But Lynn Armstrong's union, the Prison Officers' Association (POA), predicted yesterday that she would have difficulty convincing the courts to accept her pounds 50,000 claim.
Mrs Armstrong, 52, says that the experience of guarding West for five weeks during the murder trial in 1995 ruined her life. She alleges that she suffered a nervous breakdown after the trial at Winchester Crown Court, where West was convicted of 10 murders of women and girls, including that of her teenage daughter.
Mrs Armstrong, who joined the prison service in 1991 after 23 years in the Army, worked first at Wormwood Scrubs before transferring to Winchester Prison. She had to take medical retirement last December after suffering post-traumatic stress disorder. Her writ against the Home Office alleges negligence and breach of duty.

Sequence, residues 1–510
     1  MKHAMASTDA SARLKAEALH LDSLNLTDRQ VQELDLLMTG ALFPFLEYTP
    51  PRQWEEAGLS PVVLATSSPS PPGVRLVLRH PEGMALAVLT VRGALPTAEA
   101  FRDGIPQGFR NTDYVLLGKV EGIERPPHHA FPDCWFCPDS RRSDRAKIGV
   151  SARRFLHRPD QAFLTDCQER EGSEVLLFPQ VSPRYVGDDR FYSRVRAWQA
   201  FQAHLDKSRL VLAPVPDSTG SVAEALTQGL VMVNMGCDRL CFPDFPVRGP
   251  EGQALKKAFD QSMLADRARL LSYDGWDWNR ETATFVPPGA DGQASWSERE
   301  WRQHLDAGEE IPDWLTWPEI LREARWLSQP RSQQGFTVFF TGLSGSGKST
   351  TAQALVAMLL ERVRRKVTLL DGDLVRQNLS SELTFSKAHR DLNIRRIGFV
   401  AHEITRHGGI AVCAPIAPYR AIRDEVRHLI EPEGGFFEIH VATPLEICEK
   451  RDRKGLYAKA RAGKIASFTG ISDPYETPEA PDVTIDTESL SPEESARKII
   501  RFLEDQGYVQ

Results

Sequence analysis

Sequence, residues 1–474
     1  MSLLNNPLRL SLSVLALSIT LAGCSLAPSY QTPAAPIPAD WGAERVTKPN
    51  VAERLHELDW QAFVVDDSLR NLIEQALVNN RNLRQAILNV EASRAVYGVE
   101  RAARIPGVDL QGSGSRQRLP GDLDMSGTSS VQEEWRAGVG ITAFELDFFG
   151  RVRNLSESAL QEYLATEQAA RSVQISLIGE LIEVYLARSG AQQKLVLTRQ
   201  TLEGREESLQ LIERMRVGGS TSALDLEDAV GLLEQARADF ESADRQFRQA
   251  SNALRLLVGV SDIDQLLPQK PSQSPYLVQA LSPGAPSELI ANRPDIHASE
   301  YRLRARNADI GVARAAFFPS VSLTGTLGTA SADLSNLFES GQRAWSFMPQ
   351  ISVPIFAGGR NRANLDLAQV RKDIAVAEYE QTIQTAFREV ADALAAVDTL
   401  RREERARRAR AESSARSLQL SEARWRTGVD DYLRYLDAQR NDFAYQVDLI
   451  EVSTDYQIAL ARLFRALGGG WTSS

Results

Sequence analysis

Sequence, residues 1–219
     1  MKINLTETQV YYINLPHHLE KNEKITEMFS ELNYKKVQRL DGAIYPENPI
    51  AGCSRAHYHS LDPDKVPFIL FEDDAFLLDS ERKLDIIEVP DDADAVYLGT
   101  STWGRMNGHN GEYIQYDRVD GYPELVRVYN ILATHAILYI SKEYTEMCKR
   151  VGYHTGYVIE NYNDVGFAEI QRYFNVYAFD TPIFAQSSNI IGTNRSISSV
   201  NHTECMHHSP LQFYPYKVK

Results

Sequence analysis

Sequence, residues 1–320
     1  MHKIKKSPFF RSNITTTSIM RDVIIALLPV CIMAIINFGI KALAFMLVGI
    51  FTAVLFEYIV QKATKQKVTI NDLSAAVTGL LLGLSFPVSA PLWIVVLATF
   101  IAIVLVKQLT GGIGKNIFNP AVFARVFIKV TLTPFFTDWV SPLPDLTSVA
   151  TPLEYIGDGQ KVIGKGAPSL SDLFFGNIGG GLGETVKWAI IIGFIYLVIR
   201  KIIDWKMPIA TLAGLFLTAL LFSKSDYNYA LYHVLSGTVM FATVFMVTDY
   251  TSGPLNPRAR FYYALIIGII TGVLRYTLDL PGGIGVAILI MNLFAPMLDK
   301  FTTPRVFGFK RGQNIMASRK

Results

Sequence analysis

"I became ill, I lost my confidence and I couldn't make even a simple decision," she said at the weekend.
Mark Freeman, legal director of the association, said yesterday that after the Law Lords' ruling on the 1989 Hillsborough stadium disaster - which stated that police who suffered mental trauma after treating dying football fans were not entitled to compensation - he doubted Mrs Armstrong had much chance of success.
He said he would be watching the case with great interest, but added: "In my professional opinion, she might find it a hard case to win."
West's husband, Fred, committed suicide in prison before the couple's case came to trial.